Good information as always, Bryan. Just a little fine-tuning on the dates.

When LAPD went to UHF in the early 80s with their 8-channel MX-350s, they only had 18 frequency pairs to work with: 12 dispatch pairs (3 per bureau); 4 tac frequencies (1 per bureau), and the emergency "trigger" frequency 507.2625. Metro Div had 506.8375 to itself. So the Air, K9, and many other citywide units continued to keep a watch on "hot-shot" Tac 1, 154.83. Reason behind that, which went back to about 1974, was so those guys could keep one of their radios parked on that frequency no matter where they were and hear hot calls, or requests for their services, from anywhere in the city.

When the 256-channel Astro Saber IIIs showed up about 1995, along with a bunch of UHF-T Channel 16 frequencies, they finally had enough capacity to give them a dedicated UHF channel, 484.7125 (plus 484.35 later). At first it was in Ch 21, but in 2004 they moved it to its current Ch 26 to make room for the planned Mission (#19), Olympic (#20) & Topanga (#21) Divisions. Channels 22, 23, 24 and 25 went to the four traffic divisions. As you said, when the Tac 1 transmitter apparently went belly-up in 2007 they never brought it back, and nobody seems to have missed it... other than people who only have analog scanners!
 
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RetInspector

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I agree with scottyhetzel, thank you for the interesting answers. Another question for one of you, though.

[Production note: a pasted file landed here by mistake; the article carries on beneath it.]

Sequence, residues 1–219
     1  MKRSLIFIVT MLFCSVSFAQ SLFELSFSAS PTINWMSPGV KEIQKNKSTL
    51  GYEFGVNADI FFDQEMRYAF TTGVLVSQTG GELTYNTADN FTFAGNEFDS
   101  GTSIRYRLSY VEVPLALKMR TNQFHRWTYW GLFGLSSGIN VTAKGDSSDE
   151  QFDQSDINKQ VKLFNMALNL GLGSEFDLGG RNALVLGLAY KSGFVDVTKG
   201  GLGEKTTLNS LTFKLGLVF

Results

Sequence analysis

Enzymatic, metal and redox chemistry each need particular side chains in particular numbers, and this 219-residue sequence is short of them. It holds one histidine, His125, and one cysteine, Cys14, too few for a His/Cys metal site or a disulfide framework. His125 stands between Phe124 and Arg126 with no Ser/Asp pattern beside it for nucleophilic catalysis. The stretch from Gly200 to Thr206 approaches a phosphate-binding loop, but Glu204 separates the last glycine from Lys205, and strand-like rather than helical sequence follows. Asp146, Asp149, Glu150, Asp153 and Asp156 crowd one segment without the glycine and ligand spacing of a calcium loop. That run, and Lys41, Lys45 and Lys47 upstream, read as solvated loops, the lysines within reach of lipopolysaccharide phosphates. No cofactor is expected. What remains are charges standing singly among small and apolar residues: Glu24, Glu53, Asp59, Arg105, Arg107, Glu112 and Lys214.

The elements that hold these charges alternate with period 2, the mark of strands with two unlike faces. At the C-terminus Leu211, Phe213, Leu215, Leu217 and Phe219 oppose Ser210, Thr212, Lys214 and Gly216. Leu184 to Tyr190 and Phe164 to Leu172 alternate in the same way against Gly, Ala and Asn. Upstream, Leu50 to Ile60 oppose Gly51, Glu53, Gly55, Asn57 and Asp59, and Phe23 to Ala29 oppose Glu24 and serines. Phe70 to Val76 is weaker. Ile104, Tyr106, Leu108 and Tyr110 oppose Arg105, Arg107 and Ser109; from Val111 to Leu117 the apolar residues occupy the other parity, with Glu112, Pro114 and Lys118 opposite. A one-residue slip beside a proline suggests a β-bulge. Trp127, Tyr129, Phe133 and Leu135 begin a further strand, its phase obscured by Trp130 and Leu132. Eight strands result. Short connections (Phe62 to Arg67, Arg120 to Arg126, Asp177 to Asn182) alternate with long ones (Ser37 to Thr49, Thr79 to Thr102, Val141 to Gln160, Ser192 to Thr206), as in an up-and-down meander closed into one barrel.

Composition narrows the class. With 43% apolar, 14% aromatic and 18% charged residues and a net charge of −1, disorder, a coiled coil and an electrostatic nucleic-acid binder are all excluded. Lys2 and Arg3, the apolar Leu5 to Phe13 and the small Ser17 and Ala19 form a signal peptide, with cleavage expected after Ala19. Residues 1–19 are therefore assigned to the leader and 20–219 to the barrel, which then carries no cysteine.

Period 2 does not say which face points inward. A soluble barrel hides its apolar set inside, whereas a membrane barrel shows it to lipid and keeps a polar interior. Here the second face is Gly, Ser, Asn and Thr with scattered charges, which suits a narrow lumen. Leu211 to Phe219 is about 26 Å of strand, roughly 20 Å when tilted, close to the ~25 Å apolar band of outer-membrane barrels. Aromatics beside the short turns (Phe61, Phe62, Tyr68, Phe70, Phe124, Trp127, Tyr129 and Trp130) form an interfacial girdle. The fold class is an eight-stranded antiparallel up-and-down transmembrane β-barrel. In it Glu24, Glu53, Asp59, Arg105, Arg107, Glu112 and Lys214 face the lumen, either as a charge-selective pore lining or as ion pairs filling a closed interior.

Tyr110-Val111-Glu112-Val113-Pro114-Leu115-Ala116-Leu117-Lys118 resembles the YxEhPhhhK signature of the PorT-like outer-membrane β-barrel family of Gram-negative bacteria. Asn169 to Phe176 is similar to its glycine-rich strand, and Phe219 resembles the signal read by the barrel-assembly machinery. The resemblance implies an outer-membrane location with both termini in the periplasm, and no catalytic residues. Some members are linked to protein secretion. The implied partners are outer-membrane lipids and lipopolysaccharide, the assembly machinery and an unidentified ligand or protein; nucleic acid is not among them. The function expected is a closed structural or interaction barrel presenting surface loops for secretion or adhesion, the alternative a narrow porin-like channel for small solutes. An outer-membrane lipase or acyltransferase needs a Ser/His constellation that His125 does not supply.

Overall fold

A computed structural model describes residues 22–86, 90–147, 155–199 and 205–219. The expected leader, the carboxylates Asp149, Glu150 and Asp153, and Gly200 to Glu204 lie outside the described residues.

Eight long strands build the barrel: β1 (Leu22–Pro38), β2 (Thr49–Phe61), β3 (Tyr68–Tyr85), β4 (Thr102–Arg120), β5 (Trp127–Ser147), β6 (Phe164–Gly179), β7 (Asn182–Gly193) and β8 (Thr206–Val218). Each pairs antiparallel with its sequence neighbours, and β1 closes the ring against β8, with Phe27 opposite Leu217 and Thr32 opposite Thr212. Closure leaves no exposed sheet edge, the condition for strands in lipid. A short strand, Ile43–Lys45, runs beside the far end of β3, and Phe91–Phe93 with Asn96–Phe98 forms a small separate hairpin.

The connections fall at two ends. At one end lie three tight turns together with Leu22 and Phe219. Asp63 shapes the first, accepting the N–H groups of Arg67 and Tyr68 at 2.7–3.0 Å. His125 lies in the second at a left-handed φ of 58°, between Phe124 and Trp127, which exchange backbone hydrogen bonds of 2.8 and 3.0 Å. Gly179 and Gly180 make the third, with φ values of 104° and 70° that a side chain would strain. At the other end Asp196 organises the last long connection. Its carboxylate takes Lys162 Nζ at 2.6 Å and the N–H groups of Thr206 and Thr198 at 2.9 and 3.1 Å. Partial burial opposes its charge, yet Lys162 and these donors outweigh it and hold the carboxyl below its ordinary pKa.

When LAPD went to UHF in the early 80s with their 8-channel MX-350s, they only had 18 frequency pairs to work with: 12 dispatch pairs (3 per bureau); 4 tac frequencies (1 per bureau), and the emergency "trigger" frequency 507.2625. Metro Div had 506.8375 to itself
.
If I remember right, during that time from 1980 to 1995 LAPD had 18 patrol divisions, from Central #1 to Southeast #18, and four traffic divisions, or bureaus. I don't remember, how did they fit 22 divisions on only 12 dispatch frequencies? There were a lot of voices on the radio, I do remember that. Did they rotate the divisions among the dispatchers the way LASO does it, or have two or three divisions on each frequency? That would seem to be awfully hard to handle.

So the Air, K9, and many other citywide units continued to keep a watch on "hot-shot" Tac 1, 154.83. Reason behind that, which went back to about 1974, was so those guys could keep one of their radios parked on that frequency no matter where they were and hear hot calls, or requests for their services, from anywhere in the city.
That makes sense, and I used to sometimes just listen to Tact 1 for the hot-shots and avoid all the routine calls on the regular frequencies.
 

KMA367

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During that time all but two divisions had to share their dispatch frequencies. Only Hollywood and 77th had frequencies to themselves. For example, Rampart & Northeast were paired, as were Wilshire & Pacific; Valley Traffic & Devonshire, etc.